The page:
Perhaps a sign of public discontent with the passage of ObamaCare, the Republicans now lead by four points, 48-44, on the Gallup Generic Congressional ballot among registered voters. It is rare for Republicans to take the lead in this poll as Gallup notes:
The trend based on registered voters shows how rare it is for the Republicans to lead on this “generic ballot” measure among all registered voters, as they do today. Other recent exceptions were recorded in 1994 — when Republicans wrested majority control from the Democrats for the first time in 40 years — and 2002, when the GOP achieved seat gains, a rarity for the president’s party in midterm elections.
On the other hand, the Democrats are not performing in the poll as they have in years when they have won Congress:
In midterm years when Democrats prevailed at the polls (such as 2006, 1990, and 1986), their net support among registered voters typically extended into double digits at several points during the year — something that has yet to happen in 2010.
Gallup notes the enthusiasm gap that currently exists between the parties:
Gallup will not begin identifying likely voters for the 2010 midterms until later in the year. However, at this early stage, Republicans show much greater enthusiasm than Democrats about voting in the elections.
In other poll news, the Republicans retain a nine point lead, 45-36, over the Democrats on the Rasmussen Generic Congressional ballot of likely voters. Rasmussen also reports that in his latest poll on repeal of ObamaCare, 58% of voters support repeal. Nate Silver at 538, a site which leans left politically, states the following in regard to current generic ballots:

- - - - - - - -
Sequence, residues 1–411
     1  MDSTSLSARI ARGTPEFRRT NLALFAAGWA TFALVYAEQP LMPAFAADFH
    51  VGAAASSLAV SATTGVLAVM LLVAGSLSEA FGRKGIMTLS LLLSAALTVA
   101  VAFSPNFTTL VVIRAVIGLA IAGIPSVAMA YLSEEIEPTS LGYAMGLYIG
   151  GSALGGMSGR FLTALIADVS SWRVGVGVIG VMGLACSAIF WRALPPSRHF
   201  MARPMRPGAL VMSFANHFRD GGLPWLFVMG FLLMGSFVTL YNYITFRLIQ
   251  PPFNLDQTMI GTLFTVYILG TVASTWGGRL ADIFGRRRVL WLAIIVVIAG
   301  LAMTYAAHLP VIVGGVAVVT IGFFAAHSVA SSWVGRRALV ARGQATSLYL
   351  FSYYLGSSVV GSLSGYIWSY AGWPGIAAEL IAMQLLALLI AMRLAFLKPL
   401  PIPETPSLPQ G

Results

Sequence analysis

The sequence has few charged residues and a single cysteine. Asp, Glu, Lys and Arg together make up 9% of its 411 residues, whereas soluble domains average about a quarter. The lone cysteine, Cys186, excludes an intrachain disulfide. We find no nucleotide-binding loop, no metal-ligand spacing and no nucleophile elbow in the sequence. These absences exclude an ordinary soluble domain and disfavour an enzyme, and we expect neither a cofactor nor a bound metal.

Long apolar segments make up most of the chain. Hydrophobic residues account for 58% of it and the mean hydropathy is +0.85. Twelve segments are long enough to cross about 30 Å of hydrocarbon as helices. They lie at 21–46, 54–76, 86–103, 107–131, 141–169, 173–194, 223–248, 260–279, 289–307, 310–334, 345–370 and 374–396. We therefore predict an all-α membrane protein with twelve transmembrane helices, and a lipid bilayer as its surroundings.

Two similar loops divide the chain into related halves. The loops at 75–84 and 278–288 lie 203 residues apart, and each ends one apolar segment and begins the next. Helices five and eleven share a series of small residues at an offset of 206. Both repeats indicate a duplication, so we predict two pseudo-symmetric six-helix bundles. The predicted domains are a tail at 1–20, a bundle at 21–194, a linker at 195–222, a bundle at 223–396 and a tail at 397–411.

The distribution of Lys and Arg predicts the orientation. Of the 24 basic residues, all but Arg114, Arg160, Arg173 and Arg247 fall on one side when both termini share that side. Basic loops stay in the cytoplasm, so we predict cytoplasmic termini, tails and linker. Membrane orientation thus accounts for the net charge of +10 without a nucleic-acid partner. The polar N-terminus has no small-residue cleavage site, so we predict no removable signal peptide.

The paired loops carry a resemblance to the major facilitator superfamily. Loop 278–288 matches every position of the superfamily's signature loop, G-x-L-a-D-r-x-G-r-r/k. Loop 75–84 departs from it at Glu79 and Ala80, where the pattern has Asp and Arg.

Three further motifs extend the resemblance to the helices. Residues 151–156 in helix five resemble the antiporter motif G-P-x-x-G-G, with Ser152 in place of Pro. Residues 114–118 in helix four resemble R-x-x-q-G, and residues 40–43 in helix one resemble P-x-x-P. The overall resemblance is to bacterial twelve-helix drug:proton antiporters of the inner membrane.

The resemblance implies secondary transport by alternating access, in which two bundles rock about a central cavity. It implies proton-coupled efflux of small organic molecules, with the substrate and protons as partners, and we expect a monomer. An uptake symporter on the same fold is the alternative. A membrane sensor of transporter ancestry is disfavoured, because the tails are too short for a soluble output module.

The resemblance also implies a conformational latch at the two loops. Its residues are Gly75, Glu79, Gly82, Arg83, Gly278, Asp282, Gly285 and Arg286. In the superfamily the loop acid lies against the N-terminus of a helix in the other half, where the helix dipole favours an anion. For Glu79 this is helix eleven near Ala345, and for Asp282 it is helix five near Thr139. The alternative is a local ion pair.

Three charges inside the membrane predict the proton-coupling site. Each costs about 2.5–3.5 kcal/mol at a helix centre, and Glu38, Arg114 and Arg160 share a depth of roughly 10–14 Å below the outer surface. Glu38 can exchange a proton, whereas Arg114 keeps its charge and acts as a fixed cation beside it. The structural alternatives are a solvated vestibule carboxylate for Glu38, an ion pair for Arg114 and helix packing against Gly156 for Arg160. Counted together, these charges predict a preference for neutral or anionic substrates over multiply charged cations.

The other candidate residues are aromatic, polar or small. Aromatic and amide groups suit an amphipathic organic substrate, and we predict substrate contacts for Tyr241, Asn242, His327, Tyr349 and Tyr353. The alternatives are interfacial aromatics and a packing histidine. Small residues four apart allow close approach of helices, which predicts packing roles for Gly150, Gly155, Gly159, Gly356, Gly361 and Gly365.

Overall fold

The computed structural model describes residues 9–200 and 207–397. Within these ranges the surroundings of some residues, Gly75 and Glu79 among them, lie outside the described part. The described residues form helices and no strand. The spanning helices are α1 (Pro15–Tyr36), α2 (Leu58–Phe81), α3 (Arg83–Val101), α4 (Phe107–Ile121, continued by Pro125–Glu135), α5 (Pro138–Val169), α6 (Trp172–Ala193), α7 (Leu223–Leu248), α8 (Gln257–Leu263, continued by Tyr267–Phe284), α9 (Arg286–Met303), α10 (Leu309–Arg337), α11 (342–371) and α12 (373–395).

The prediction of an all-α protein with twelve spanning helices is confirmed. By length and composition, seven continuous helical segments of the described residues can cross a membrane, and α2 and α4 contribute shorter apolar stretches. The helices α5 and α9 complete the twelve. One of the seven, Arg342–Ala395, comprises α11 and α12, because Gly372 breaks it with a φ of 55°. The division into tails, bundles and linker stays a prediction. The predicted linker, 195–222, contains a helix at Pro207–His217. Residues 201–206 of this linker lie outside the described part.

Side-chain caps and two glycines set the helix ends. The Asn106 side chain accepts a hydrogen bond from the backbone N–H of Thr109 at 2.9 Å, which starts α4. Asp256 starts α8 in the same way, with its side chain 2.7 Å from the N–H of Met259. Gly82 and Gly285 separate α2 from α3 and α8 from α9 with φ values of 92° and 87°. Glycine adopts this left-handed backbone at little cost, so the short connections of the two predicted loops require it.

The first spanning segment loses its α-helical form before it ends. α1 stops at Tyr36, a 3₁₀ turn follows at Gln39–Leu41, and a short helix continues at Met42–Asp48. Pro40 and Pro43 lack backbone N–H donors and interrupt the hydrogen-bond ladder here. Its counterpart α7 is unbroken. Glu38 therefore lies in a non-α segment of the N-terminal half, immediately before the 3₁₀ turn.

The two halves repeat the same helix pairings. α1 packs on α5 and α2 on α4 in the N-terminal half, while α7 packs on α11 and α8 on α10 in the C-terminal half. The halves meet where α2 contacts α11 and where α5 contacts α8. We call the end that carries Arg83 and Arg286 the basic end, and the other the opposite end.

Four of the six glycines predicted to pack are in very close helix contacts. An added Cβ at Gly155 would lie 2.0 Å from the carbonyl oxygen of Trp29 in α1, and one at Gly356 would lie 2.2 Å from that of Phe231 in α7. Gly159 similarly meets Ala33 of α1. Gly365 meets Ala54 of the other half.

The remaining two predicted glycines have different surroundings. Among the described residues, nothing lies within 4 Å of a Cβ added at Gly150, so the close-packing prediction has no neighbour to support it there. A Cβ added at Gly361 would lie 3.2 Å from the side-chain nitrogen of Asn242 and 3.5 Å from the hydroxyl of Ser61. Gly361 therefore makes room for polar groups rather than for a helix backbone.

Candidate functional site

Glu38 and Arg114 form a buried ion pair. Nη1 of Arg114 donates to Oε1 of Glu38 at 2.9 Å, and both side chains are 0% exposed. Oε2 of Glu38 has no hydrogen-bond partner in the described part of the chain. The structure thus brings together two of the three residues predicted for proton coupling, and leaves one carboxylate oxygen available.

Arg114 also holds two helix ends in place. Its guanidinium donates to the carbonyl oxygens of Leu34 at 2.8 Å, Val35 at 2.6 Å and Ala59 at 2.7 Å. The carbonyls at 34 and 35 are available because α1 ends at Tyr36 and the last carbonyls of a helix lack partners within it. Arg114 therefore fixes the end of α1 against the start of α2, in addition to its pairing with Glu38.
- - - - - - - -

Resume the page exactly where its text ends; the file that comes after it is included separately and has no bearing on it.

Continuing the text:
Their bad news is that the House popular vote (a tabulation of the actual votes all around the country) and the generic ballot (an abstraction in the form of a poll) are not the same thing — and the difference usually tends to work to Democrats’ detriment. Although analysts debate the precise magnitude of the difference, on average the generic ballot has overestimated the Democrats’ performance in the popular vote by 3.4 points since 1992. If the pattern holds, that means that a 2.3-point deficit in generic ballot polls would translate to a 5.7 point deficit in the popular vote — which works out to a loss of 51 seats, according to our regression model.
These sorts of questions have been the subject of many, many academic studies, almost all of which involve far more rigor than what I’ve applied here. This is just meant to establish a benchmark. But that benchmark is a really bad one for Democrats. One reasonably well-informed translation of the generic ballot polls is that the Democrats would lose 51 House seats if the election were held today.
Some Democrat strategists predicted that Democrats would gain strength for the November election by passing ObamaCare. Thus far, that prediction, to say the least, has not come to pass.
Update: Sean Trende at Real Clear Politics has a detailed look here at just how bad it could get for the Democrats in November. His bottom line:
That said, I think those who suggest that the House is barely in play, or that we are a long way from a 1994-style scenario are missing the mark. A 1994-style scenario is probably the most likely outcome at this point. Moreover, it is well within the realm of possibility – not merely a far-fetched scenario – that Democratic losses could climb into the 80 or 90-seat range. The Democrats are sailing into a perfect storm of factors influencing a midterm election, and if the situation declines for them in the ensuing months, I wouldn’t be shocked to see Democratic losses eclipse 100 seats.